Physics & Astronomy ETDs

Publication Date



It was undertaken to investigate the intensity ratio of refracted light polarized parallel and perpendicular to the plane of incidence. The primary object of the experiment was to obtain this ratio for light incident at very nearly the critical angle on a water-air interface, the light having first passed through the water. A laser was used to produce the light beam and the experimental results were compared with the theory propounded by Fresnel for infinite plane waves and elsewhere asserted to hold for bound plane waves. As this theory predicted a ratio of the square of the refractive index (n) for the water and the ratio calculated was smaller than this by some 23-24%, further data were taken. The water ratio was within several percent of n, so similar measurements were made with a prism of dense glass, having a much higher refractive index. This ratio was even less in agreement with the theory, being almost 35% smaller. However, it was about 12% larger than the n obtained for the glass, so the experimental ratio is apparently not simply n. The intensity ratio was investigated with the glass prism for angles of incidence some degrees less than the critical angle. These measurements differ from the theory for the first several degrees away from the critical angle, but the later figures are quite close to those expected. Shifting the experimental curve one degree further from the critical angle would greatly improve the agreement with the theoretical curve. Several checks were made to see if the angles at which the data were taken were not actually somewhat smaller than they were believed to be, but it appears that these angles should, indeed, be fewer than three minutes from the critical angle. This is an extreme upper limit, and would not lower the theoretical ratio more than 5 or 6%. It has been suggested that the two polarizations may be differentially absorbed by the glass and water. The distilled water used held large amounts of dust in suspension, and the glass prism could well contain similar inhomogeneities. This would be worth investigating, particularly as the attenuation due to this water has been shown to be over 50% of light intensity in a distance of one meter.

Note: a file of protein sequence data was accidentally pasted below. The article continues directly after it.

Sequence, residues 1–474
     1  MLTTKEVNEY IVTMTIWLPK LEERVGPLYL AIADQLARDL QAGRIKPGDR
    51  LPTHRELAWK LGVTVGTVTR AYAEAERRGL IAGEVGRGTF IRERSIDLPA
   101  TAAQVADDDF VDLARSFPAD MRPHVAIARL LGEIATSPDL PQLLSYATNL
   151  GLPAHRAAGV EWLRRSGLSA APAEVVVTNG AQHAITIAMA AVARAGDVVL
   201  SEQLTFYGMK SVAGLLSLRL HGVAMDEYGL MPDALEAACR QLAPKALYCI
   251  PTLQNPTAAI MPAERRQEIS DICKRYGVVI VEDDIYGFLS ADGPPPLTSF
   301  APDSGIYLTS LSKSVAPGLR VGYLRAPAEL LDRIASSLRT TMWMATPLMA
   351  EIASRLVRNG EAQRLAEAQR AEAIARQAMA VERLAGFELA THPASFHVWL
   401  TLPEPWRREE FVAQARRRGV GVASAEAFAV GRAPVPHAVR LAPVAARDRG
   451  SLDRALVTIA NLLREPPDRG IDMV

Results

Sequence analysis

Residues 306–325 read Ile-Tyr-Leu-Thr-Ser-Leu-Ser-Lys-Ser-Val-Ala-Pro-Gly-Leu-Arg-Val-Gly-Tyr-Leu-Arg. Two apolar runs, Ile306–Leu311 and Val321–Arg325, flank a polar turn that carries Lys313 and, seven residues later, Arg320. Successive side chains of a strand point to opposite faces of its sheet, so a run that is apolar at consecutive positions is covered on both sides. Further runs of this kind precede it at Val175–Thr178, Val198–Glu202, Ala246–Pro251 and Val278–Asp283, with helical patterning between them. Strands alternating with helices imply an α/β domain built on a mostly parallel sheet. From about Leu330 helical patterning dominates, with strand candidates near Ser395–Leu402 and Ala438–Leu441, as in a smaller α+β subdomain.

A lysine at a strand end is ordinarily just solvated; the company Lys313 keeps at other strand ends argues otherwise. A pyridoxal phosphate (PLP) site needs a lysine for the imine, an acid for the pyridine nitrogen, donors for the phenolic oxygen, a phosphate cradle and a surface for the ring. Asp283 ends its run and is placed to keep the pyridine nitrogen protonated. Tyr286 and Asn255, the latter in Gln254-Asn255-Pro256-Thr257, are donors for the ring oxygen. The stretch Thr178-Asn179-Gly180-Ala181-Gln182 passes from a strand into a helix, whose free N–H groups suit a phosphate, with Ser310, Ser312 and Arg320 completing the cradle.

Degree Name


Level of Degree


Department Name

Physics & Astronomy

First Committee Member (Chair)

Howard Carnes Bryant

Second Committee Member

Christopher Pratt Leavitt

Third Committee Member

David Solomon King



Document Type